• The jury returned the verdict against Aaron Cody Smith on the lesser charge for the shooting death of 58-year-old Gregory Gunn, according to reports from news outlets. Prosecutors had charged Smith with murder.
  • Smith shot and killed Gunn after he fled during a pat-down. The officer had stopped Gunn for a random stop and frisk as Gunn was walking home around 3 a.m.
  • Smith had a Bible in front of him at the defense table as jurors walked into the courtroom, and Gunn’s relatives stood as the verdict was read. Some in the courtroom cried.
  • A deputy led Smith out of the courtroom afterward, and Smith resigned from the Montgomery Police Department. He had been on paid leave since the killing.
  • Read the full story HERE.
  • Read more from inside the courtroom via the Advertiser’s Melissa Brown and Kirsten Fiscus HERE.

5. The week in good news

Rosa Parks Commemoration Events Happening Next Week
  • December 1 will mark the 64th anniversary of Rosa Parks arrest that ignited the Montgomery Bus Boycotts.
  • Last year the Legislature made Dec. 1 Rosa Parks Day, which is the first holiday in Alabama to honor a woman.
  • In Montgomery next week there will be several citywide commemorations for Rosa Parks including a community unity breakfast and unity walk on Saturday, A Rosa Parks Statue dedication on Sunday and free admission to the Rosa Parks museum on Monday.
  • You can read more about the events and activities by visiting rosaparksdayinalabama.com.

Headlines

ALABAMA DAILY NEWS – Alabama sheriff shot, killed in line of duty

ALABAMA DAILY NEWS – Graddick: Clarifying the roles at Pardons and Paroles.
ALABAMA DAILY NEWS – Less than 8% of all Paroles were granted in November
ALABAMA DAILY NEWS – Alabama jury convicts officer of manslaughter in shooting
ALABAMA DAILY NEWS – Family of black Alabama man killed by police filing suit
ALABAMA DAILY NEWS – Daily News Digest – November 22, 2019
AL.COM – Lowndes County Sheriff ‘Big John’ Williams shot and killed; 18-year-old suspect surrenders
AL.COM – 15-year-old arrested for making threats against Alabama high school
AL.COM – Alabama Department of Corrections investigating 2 inmate deaths
AL.COM – 2nd suspect arrested in Aniah Blanchard case, DA says
AL.COM – Native American costumes for Thanksgiving draw parent complaint at Alabama school
AL.COM – Columnist Kyle Whitmire: Forget the future, GOP. It’s Miller time!
AL.COM – Columnist Frances Coleman: Do we really remember what we think we remember about JFK’s assassination?
YELLOWHAMMER NEWS – Jones doubles down on keeping whistleblower secret: ‘People’s lives could be in jeopardy’
YELLOWHAMMER NEWS – Grants help restore Alabama longleaf pine forests, grasslands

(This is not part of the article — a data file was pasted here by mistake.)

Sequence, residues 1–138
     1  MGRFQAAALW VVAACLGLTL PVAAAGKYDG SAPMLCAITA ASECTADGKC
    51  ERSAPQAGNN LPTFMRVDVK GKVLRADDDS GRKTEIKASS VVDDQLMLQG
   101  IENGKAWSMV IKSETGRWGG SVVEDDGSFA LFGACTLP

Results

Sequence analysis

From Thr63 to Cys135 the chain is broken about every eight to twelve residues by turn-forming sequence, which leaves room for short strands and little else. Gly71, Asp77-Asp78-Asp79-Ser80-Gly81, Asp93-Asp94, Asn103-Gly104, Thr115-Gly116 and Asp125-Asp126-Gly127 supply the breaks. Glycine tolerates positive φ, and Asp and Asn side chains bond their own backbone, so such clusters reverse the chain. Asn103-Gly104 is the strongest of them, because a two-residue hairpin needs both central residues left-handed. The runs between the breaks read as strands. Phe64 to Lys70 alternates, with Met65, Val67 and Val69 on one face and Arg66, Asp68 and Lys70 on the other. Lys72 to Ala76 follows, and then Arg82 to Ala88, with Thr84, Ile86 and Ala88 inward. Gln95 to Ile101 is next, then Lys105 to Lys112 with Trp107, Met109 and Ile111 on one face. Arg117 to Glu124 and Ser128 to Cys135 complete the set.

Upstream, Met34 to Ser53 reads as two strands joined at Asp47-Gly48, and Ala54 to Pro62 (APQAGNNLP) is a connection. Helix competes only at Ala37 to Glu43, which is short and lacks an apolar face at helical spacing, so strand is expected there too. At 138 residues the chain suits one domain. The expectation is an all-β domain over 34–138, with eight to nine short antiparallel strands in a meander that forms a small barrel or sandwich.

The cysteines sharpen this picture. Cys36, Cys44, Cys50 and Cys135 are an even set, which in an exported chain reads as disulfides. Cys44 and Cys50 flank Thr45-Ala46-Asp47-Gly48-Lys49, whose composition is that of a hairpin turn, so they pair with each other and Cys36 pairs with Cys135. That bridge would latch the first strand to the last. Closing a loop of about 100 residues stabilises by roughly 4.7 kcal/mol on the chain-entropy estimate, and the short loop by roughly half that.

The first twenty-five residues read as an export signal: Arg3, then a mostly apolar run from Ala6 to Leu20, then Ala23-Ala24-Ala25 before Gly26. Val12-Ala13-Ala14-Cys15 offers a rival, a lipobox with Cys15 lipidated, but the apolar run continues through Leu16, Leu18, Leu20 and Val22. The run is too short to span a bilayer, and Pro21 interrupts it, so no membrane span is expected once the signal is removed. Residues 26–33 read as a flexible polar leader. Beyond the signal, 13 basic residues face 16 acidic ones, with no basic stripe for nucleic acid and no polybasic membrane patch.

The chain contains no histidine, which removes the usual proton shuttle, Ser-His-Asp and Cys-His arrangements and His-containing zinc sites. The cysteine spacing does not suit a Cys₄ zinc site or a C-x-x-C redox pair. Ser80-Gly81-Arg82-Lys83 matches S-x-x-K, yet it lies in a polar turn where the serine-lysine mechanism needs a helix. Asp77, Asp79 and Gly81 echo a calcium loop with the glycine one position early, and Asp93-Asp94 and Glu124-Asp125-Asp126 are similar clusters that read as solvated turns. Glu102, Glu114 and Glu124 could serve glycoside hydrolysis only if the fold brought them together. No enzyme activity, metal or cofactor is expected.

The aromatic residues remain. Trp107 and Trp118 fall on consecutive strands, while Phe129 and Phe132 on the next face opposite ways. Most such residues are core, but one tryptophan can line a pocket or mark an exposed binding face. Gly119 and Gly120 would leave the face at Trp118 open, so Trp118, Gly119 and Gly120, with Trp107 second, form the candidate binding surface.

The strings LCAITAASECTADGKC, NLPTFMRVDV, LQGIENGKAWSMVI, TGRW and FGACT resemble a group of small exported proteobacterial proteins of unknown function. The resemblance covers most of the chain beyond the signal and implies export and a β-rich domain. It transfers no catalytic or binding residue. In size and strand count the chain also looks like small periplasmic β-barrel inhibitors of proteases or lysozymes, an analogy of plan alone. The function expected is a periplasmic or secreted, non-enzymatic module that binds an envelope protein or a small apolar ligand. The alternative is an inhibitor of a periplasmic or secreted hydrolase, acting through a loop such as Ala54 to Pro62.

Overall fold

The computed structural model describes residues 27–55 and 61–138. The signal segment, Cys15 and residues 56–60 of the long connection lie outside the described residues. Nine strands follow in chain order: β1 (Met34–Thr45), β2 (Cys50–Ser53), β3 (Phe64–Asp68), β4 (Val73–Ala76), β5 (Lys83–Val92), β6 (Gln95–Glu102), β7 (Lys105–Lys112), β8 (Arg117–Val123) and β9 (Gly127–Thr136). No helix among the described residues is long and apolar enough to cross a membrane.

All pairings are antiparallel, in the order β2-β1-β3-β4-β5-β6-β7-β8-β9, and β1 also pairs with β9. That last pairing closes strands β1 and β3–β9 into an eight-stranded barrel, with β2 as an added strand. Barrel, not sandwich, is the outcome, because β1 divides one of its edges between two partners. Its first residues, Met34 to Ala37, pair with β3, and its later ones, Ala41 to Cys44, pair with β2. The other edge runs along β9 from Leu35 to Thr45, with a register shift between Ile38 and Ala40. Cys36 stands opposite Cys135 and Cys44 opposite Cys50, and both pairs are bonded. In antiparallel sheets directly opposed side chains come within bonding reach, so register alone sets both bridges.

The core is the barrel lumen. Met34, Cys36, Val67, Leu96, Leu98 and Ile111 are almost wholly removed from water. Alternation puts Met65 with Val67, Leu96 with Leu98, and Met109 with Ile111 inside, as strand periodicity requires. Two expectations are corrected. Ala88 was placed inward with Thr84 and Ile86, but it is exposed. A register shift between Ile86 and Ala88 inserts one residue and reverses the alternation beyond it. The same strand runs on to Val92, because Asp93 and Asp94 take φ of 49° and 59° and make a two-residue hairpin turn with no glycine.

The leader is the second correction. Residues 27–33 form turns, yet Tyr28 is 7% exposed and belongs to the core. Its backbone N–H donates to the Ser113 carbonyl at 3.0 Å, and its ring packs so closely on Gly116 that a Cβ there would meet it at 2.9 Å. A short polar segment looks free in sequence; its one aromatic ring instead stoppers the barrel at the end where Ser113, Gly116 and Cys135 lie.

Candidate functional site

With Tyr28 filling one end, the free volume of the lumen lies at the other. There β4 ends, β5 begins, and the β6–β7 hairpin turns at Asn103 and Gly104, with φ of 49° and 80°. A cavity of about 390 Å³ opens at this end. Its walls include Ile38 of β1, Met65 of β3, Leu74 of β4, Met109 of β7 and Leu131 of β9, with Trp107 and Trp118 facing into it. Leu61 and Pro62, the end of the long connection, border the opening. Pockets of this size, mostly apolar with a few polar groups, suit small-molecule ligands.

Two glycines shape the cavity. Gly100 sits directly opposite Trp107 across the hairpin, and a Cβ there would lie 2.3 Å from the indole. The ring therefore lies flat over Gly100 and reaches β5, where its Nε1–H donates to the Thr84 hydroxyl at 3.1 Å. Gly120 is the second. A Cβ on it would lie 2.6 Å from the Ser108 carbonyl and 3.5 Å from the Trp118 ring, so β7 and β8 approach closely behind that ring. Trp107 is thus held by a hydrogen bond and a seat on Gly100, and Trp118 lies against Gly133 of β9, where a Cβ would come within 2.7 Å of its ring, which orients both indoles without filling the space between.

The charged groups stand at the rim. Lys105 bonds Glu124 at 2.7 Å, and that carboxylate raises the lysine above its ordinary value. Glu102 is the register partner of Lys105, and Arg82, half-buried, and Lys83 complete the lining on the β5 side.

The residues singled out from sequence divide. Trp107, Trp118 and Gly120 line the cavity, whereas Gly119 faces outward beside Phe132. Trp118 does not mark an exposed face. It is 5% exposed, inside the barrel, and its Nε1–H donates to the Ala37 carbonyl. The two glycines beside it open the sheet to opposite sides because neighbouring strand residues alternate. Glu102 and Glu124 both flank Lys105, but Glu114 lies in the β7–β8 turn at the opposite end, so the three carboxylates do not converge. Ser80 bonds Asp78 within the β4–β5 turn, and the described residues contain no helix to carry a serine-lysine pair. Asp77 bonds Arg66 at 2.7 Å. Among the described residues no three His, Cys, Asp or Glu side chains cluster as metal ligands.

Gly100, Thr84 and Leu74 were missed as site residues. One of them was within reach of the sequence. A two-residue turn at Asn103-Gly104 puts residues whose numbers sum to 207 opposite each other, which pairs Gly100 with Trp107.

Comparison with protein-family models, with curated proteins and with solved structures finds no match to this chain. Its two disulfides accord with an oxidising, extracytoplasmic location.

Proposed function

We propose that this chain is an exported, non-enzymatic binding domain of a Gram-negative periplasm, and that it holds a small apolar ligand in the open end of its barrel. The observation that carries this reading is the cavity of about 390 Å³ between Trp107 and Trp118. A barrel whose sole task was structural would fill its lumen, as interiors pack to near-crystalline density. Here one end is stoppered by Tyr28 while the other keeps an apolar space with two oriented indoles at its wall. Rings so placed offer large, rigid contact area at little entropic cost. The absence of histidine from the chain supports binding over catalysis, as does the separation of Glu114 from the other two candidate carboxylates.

YELLOWHAMMER NEWS – Consul General from Netherlands visits Alabama
YELLOWHAMMER NEWS – Bloomberg spending almost $500k in Alabama as part of massive ad buy
WHNT – Major push happening for Alabama to start funding public transportation
DOTHAN FIRST – High rates of HIV cases reported in rural Alabama
WAAY – African-American males make up 2 percent of teacher workforce; Alabama A&M is trying to change that
TIMES DAILY – Work at UNA planetarium should be completed first of year
TIMES DAILY – Less than 8% of all paroles were granted in November.
TIMES DAILY – The Times Daily: Public benefits from stricter decommissioning rules.
GADSDEN TIMES – The Gadsden Times: Series spotlighting Etowah jail will cause stir.
ANNISTON STAR – Economy’s good, but poorest still struggle, charity officials say.
ANNISTON STAR – Columnist Phillip Tutor: The hungry students at Calhoun County’s schools.
MONTGOMERY ADVERTISER – Lowndes County Sheriff John Williams shot, killed. Suspect caught after four-hour search.
MONTGOMERY ADVERTISER – When the fight ends, where do Alabama Democrats begin?
MONTGOMERY ADVERTISER – Three days honor Rosa Parks’ stand for freedom in Montgomery
MONTGOMERY ADVERTISER – Contributors Catherine Flowers and George McGraw: Two million Americans are in a water crisis; some of them are your neighbors
WASHINGTON POST – Trump’s GOP support hardens despite impeachment testimony
WASHINGTON POST – Justice Ginsburg hospitalized in Baltimore with possible infection
WASHINGTON POST – Democrats are vying to win over the youngest generation of their most important voting bloc
WASHINGTON POST – John Bolton resurfaces on Twitter, claiming the White House locked him out
WASHINGTON POST – Malls are dying. The thriving ones are spending millions to reinvent themselves
NEW YORK TIMES – 26 States Are Spending $350 Million on 2020 Census Efforts
NEW YORK TIMES – Columnist Nicholas Kristof: Venezuela’s Kids Are Dying. Are We Responsible?